Use Strong Verbs

Hit should be smash or slam. Laugh should be chuckle, giggle, etc. Don’t say he was angry when you can use powerful verbs like ‘seethe’ or phrases like ‘it made his blood boil,’ etc. Normal verbs can be used but sparingly. Strong verbs are what gets a readers attention. And you want their attention to be locked onto every page.


Imagine you are standing at the edge of a sheer drop. It would be a breath-taking view with all the intricate layers leading down to the colored sand below if you didn’t know that you had to jump. You hear the whistle of the wind across the plateau and the lower tone of the gusts through the chasm below. The roar of the river seems to rush up to meet you and you swear that you can feel the cold, foamy water on your skin. Licking your lips, you try hard to force some moisture to your suddenly dry throat. Your heart thunders along with the river as you step off the edge.

You don’t have to include every sense in a sentence, but it’s just something to think about. If you are fighting someone or something, think about something other than pain if a blow were to land. The weather doesn’t have to be described if you mention that the air cooled his hot skin as the fight intensified. Or if you do want to describe the weather, describe what it feels like. Is the rain cold or warm. Is there a crosswind. Does lightning illuminate any figures or something hiding in the shadows. Use everything around you to bring the reader into the world you have created.


So your heroine enters the room of the man that just saved her life. She can fight with the best of them, but in this case, he has saved her. The warrior maiden feels the tug of opposite emotions. On one had there is a strength to him that lures her in and the gratefulness of his act of kindness in saving her strengthens that feeling. On the other hand, she is a proud warrior of a great family. She does not need some traveling man to save her. She doesn’t need anyone. And yet—there is a quiet strength to him that echoes deeper than the calm understanding in his eyes. Yes, that was why she had stayed. What sort of man was he and why had he saved her?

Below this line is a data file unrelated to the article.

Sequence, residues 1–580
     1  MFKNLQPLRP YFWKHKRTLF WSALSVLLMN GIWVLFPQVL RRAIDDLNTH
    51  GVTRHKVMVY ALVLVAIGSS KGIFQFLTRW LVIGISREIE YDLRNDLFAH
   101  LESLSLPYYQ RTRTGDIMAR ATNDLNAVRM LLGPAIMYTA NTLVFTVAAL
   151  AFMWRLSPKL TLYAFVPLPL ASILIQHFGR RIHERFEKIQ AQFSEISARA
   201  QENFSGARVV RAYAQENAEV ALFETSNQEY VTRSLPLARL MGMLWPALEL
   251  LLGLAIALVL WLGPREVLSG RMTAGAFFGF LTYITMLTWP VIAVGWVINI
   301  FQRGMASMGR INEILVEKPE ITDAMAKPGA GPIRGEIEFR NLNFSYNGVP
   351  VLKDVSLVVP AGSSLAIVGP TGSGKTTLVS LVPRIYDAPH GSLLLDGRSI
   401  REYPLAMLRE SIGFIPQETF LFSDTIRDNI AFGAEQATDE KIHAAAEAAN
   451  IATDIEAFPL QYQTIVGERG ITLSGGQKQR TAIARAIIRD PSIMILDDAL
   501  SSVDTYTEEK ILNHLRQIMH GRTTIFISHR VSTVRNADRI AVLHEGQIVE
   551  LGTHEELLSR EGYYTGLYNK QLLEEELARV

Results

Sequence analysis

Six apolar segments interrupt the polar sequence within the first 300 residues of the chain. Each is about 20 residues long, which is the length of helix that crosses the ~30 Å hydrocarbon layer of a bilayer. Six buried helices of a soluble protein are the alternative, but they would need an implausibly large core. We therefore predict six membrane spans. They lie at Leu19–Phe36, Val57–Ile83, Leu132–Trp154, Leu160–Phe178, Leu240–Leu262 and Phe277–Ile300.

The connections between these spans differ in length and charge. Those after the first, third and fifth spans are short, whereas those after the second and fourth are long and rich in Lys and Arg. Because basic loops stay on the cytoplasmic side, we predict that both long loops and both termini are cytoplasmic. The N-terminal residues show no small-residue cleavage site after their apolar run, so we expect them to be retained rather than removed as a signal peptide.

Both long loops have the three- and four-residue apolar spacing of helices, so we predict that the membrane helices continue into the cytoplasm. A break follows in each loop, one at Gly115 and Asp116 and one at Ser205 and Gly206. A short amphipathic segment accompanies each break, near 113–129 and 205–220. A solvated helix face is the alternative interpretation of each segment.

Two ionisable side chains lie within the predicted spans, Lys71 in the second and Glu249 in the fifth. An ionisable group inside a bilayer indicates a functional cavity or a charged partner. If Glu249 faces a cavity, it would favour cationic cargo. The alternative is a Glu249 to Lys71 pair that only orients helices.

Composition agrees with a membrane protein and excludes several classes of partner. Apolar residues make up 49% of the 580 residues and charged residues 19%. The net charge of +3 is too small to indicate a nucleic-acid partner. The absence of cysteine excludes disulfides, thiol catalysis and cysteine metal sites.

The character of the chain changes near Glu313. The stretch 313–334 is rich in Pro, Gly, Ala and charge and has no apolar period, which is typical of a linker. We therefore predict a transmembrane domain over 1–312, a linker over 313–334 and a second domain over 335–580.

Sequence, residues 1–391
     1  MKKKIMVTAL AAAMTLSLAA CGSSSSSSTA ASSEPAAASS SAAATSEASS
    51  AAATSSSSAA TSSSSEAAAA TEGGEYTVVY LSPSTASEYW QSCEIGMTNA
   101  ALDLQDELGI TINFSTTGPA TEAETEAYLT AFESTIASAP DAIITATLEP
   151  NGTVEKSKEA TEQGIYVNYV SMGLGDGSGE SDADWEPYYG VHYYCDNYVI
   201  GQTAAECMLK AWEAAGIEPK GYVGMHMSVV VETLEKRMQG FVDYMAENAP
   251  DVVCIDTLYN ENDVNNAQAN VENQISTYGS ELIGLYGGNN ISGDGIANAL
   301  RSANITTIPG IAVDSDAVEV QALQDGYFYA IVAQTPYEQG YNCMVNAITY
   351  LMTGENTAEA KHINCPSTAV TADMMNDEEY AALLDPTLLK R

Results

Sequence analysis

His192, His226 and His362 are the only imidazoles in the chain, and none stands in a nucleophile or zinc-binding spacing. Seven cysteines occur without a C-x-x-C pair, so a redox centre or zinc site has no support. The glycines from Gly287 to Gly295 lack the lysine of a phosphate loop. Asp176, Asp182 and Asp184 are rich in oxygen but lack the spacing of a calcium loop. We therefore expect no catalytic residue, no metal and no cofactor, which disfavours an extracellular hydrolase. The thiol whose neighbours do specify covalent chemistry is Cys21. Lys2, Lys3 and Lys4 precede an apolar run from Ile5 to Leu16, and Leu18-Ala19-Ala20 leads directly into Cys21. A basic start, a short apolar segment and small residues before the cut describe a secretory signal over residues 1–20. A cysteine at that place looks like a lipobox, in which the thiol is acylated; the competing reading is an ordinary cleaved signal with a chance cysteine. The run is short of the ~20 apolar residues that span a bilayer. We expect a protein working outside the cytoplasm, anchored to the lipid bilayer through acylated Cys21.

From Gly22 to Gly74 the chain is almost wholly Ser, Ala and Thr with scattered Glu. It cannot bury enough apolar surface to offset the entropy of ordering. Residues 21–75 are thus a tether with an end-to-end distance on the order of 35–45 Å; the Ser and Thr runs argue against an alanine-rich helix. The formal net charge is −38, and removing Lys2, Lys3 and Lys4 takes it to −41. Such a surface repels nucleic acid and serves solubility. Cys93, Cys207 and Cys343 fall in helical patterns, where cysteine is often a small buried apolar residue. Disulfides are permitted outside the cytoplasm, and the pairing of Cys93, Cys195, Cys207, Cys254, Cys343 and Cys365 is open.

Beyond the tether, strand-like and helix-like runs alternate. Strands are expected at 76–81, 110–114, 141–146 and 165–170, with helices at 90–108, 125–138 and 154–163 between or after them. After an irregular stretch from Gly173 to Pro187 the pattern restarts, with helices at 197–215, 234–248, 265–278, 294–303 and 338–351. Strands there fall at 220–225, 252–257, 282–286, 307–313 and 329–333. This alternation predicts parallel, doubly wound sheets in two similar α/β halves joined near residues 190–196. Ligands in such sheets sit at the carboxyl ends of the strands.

Zing! Poetry, prose and fiction all have the benefit of relying not just on acts but on the feelings that they evoke. When you read the paragraph above, your first thought was most likely: This shit must’ve been written by a five-year-old. Second thought: Well, maybe it’s not so bad. It does carry a certain emotion to it. And that’s the point. No matter how good a first draft may seem, the focus on dramatic scenes is that they evoke a strong emotional response. That is why people weep when they read a sad chapter. They feel for the characters and that translates into an emotional connection. The more the reader connects to the protagonist, the more they will want to read.

Here is the ultimate writing secret: Readers don’t read to find out about heroes saving the damsel from a dragon. They read to know how the hero grew as a man to fight the dragon, how the damsel braved the flames of the dragon’s breath and how fiercely they loved each other. Readers are human, full of complex and irrational emotions. The characters they love the most share those emotions. The greatest thing you can do is get a reader to sympathize with the protagonist. After that, stay consistent and they’re hooked til the last page.